Bason, Semi Precious Weapons' manager, is quick to point out that PassmoreLab's art-foremost approach was a significant element in making the project a success. "I manage a band called Miss Derringer, who had previously done a 3D video with PassmoreLab, which was shot on location at the band's loft in downtown LA. They told me about the experience and how Greg Passmore is 'one of us,' meaning he is driven by creativity, makes art, etcetera. I saw the video for their song, 'Black Tears,' and while it works to showcase the band and the 3D technology, I wanted to push the production a little more to see if we couldn't come up with something really different for Semi Precious Weapons. We talked with Greg and decided that we should come to the PassmoreLab complex in San Diego, where they could up the production value considerably.
"At their production facility Mike Page showed us a short demo of their work in 3D, and we were all blown away. There were some things you'd expect to see in a 3D demo, but the interesting thing was how versatile the technology can be and that it doesn't need to be flashy all the time. It doesn't need to feel like a staged set specifically set up to show off the 3D effect. That's when 3D really takes the leap, when you can enjoy seeing something with heightened effect and not feel like the entire shot was set up to show off some camera trick.
"The band's singer, Justin Tranter, had a vision for the video and Greg let him run with it, never once asking him to change anything. Justin wanted a big silver room with a pile of gold people in it who come to life and spread and spit gold all over the band. For the song's bridge, he envisioned the band in a very small room filled with taxidermy and pictures of Elvis and the Virgin Mary. These two diametrically opposing shots balance each other and lend some dynamic to an otherwise all-out rock song."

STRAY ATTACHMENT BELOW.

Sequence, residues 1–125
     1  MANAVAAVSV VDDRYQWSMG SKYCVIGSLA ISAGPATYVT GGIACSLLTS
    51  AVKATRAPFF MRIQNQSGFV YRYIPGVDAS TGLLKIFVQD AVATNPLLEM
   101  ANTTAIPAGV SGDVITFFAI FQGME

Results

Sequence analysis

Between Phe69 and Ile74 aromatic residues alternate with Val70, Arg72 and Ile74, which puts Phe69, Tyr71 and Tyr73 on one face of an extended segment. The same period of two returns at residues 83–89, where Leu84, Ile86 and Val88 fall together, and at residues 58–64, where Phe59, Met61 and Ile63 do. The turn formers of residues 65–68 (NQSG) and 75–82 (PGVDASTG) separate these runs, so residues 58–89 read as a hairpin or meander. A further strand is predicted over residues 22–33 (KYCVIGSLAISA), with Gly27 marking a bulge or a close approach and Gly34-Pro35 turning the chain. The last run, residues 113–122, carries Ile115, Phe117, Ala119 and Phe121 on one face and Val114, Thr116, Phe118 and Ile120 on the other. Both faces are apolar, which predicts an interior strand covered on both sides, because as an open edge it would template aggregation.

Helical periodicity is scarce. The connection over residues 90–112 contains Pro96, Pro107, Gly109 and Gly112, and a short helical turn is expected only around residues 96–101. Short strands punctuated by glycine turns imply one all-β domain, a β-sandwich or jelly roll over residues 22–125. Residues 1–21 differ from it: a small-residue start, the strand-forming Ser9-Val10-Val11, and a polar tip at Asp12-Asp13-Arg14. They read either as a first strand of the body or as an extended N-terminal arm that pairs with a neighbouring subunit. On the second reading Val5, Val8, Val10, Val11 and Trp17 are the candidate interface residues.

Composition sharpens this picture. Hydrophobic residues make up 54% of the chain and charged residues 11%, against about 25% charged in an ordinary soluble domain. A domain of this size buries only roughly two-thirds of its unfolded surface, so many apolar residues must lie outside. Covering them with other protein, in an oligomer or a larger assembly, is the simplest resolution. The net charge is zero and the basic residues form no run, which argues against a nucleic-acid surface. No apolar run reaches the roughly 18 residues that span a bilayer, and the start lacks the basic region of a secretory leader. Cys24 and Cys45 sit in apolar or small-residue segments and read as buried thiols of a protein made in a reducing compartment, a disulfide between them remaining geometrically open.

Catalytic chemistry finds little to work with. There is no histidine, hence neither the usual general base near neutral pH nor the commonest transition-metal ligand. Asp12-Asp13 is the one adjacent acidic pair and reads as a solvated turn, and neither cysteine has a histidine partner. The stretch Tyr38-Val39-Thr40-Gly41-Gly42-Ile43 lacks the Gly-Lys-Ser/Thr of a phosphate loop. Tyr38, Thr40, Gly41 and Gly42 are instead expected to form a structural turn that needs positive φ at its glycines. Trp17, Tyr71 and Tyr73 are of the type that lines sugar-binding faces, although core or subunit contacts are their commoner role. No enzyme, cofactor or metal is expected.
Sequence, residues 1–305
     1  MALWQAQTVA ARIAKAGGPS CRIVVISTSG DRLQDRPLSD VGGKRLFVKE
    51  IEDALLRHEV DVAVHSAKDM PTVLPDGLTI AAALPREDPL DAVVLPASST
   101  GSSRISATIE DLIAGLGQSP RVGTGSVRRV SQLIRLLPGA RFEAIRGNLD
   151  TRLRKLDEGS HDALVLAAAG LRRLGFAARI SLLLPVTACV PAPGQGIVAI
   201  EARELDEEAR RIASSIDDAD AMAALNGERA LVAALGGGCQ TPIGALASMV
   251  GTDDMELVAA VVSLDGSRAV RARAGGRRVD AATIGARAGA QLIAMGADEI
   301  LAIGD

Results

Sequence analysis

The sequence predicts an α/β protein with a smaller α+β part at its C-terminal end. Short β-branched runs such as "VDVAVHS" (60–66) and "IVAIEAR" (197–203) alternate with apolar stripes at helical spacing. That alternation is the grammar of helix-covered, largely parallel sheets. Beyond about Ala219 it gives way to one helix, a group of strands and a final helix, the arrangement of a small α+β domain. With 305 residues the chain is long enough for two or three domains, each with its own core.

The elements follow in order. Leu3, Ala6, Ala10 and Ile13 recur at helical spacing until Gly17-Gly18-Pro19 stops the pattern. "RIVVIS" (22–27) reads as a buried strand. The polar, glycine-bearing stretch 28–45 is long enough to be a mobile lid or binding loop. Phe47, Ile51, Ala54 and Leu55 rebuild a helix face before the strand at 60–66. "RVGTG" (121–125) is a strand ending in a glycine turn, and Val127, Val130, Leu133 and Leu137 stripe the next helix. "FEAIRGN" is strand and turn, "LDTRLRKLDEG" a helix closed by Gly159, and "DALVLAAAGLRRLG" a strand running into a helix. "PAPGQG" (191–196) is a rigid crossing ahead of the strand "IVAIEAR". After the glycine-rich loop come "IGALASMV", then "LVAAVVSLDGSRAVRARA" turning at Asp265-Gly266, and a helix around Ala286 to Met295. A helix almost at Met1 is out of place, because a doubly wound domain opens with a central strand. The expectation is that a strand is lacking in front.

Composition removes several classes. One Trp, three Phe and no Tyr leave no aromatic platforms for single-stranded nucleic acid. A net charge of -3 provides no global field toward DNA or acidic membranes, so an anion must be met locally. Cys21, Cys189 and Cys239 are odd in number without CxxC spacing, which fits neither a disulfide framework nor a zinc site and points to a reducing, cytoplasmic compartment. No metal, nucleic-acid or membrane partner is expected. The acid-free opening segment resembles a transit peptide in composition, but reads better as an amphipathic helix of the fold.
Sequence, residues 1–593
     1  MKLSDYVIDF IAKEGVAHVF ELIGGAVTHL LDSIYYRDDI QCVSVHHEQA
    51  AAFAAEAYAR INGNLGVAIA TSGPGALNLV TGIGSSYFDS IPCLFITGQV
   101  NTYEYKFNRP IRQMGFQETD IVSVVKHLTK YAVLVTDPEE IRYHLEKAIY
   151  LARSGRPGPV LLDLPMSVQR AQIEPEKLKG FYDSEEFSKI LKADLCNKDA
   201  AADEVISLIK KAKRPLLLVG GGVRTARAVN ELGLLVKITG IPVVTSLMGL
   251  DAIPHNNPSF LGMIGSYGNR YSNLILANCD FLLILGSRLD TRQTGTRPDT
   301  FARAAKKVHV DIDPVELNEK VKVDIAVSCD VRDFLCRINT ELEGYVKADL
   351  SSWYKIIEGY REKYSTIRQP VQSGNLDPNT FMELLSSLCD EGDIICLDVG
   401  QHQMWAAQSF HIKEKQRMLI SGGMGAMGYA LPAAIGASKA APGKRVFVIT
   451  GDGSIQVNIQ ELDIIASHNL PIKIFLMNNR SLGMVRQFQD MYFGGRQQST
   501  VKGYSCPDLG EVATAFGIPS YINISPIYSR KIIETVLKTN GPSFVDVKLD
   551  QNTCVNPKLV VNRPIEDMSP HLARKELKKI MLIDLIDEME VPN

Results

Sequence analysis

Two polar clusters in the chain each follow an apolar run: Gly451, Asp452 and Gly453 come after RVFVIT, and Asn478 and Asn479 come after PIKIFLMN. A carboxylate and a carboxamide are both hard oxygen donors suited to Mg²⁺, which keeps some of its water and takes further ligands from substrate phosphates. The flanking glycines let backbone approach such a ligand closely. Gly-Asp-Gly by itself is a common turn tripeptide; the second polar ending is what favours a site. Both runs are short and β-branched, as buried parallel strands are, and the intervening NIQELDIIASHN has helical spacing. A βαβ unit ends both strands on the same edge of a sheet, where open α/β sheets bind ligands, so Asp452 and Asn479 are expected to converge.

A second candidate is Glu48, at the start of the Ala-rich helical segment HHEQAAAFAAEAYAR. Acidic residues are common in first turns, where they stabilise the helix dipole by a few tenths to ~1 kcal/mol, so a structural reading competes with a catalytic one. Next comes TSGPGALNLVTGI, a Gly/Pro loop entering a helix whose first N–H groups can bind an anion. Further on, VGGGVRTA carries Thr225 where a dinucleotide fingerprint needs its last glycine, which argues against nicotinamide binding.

In order to capture all of these visual elements, as well as the band's in-your-face energy, it was necessary to design the equipment to handle the full range of stereoscopic angles that would be required.
"One of our concerns was shooting the close-up 3D, which was essential for capturing the immediacy and drama of the band as they interacted with the camera," notes PassmoreLab stereographer and cameraman, Keith Driver. "To address this, our technicians built custom platforms and controls specifically for this shoot. Basically, the interocular distance required for a close-up shot is less than what can be obtained with two cameras configured side by side -- the actual camera bodies don't allow such a narrow separation between the optics. In order to achieve so small a distance, it's necessary to use mirrors, and align one of the cameras vertically and slightly offset from the other to bring the optics close enough together. I'm not going to give away any secrets, but let's just say that it worked very well."
The video for "Magnetic Baby," shot in both 3D and 2D format, is currently in post production. Bason sums up his experience on the project by echoing his and Tranter's previous observations, adding, "Greg and his people let the band have complete creative control and built the sets without questioning the vision. That is a rare quality that could only come from other artists, not just a production team."